There are 49 kinds of vegetables, herbs and fruits in the garden. Bergeron and her classmates did extensive research last fall on medieval and Renaissance gardens. They were fortunate to use original Renaissance books as well as reproductions of 16th- and 17th-century gardening guides, all owned by the Renaissance Center. Of particular interest were the “Kreuterbuch,” or herb book, printed in Germany in 1564, and”Gerard’s Herbal,” by John Gerard, a classic work from the early 17th century. The work by Gerard became “the bible for the garden,” said Arthur Kinney, director of the Renaissance Center. All the plants in the garden are listed in Gerard’s book.
What to plant?
Incorporating the research by the half-dozen students last fall, Bergeron took on the task of designing the garden and drawing up a list of desired plants. Professor John Gerber of UMass Stockbridge, who taught the course, found the seeds from a variety of sources. Some of them were planted in greenhouses at UMass by Stockbridge students and later transplanted into the garden. Others were directly sown.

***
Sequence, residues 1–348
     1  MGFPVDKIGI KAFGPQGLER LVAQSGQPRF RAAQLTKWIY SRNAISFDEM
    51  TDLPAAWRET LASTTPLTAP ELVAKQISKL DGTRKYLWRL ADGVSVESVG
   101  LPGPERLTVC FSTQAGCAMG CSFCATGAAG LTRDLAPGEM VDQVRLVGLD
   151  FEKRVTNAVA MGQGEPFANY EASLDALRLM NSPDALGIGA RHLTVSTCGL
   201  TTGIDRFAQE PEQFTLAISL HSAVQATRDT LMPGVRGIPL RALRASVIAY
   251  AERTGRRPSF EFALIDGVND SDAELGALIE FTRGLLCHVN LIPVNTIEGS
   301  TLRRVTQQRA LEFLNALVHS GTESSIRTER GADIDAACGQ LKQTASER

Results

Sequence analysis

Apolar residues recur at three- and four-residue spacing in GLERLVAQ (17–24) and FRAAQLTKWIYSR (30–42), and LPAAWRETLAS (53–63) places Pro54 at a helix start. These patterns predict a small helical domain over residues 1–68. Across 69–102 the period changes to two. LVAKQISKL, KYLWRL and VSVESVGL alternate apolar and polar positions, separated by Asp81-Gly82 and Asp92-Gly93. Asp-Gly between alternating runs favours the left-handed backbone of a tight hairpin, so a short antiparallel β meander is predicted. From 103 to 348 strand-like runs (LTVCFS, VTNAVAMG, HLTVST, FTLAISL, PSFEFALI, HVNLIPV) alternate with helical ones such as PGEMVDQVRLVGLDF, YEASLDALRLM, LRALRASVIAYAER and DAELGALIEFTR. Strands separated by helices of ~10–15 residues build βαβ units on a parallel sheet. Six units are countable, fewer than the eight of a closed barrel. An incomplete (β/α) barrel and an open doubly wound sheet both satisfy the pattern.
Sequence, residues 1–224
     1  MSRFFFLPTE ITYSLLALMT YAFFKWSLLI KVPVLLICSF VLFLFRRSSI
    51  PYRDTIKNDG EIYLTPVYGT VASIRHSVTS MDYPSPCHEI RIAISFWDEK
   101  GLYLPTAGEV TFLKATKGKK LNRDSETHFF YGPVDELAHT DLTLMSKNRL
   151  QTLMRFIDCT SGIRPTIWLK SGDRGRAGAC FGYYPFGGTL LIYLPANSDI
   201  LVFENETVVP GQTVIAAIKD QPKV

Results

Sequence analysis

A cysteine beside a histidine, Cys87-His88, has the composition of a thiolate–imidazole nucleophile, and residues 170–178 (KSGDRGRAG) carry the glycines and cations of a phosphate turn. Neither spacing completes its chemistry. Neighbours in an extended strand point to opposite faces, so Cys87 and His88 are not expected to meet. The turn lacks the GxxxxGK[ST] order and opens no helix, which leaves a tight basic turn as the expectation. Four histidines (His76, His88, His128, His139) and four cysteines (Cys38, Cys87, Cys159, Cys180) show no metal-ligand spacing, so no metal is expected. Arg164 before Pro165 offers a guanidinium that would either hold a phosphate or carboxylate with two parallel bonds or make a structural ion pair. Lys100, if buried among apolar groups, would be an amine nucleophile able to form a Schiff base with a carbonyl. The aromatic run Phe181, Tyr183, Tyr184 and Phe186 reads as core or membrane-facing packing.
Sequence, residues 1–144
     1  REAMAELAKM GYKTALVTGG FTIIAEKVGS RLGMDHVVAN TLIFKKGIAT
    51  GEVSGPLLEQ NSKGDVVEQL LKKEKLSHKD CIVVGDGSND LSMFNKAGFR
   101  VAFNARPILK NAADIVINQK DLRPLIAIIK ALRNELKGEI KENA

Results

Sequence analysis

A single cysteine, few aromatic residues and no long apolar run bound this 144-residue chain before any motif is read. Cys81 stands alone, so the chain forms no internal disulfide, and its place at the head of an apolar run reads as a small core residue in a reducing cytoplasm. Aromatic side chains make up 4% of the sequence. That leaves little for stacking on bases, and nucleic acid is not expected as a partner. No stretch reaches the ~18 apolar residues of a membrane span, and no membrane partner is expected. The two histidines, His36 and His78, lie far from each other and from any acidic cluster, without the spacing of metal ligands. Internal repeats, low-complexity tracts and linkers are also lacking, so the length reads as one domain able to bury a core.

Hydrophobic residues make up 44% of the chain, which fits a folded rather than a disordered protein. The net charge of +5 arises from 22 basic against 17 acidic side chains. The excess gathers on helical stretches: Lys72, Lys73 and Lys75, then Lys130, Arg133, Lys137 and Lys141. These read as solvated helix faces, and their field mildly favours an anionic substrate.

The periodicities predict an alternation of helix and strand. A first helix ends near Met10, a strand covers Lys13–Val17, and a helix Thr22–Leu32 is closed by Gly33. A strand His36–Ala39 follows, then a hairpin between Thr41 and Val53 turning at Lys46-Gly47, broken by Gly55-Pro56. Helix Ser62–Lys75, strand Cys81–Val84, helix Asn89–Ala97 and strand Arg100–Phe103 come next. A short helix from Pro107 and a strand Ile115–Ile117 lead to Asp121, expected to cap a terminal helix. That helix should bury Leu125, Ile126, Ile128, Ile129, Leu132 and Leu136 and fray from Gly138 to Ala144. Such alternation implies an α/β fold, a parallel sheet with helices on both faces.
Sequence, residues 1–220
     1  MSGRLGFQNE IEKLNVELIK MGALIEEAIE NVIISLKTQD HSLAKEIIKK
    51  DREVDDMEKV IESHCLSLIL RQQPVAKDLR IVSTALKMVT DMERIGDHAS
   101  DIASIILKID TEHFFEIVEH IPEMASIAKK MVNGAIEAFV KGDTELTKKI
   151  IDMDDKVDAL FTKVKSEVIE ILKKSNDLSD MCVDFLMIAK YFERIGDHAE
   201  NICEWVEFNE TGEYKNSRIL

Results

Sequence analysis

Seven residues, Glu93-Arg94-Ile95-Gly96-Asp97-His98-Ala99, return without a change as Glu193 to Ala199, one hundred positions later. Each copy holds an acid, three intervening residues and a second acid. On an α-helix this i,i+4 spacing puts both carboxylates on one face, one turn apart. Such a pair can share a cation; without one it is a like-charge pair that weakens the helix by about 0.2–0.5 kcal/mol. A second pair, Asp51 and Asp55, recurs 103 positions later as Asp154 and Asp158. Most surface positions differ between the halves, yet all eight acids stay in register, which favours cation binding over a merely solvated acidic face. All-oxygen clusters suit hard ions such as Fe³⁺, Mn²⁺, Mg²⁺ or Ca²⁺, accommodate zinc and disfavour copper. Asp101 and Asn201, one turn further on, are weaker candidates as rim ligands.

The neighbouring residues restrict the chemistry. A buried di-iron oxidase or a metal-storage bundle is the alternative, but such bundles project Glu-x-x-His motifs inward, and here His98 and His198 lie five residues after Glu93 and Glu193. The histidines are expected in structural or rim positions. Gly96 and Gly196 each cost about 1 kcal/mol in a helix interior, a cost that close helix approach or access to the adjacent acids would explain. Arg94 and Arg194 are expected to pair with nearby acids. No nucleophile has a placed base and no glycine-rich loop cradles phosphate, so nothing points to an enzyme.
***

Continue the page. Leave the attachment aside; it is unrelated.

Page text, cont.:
The project began more than a year ago when Kinney decided to plant an orchard at the center.
He contacted apple experts at the UMass Orchards at Cold Spring in Belchertown and they located authentic varieties that would have been grown in England between 1500 and 1700. The orchard was dedicated in May 2012.
“Gardening was such an art form in the Renaissance, I have always felt it important to have gardens around the center,” Kinney explained last month. He noted that the Folger Shakespeare Library in Washington, D.C., has a small flower garden while the Huntington Library in California also has a garden, though it isn’t strictly Renaissance.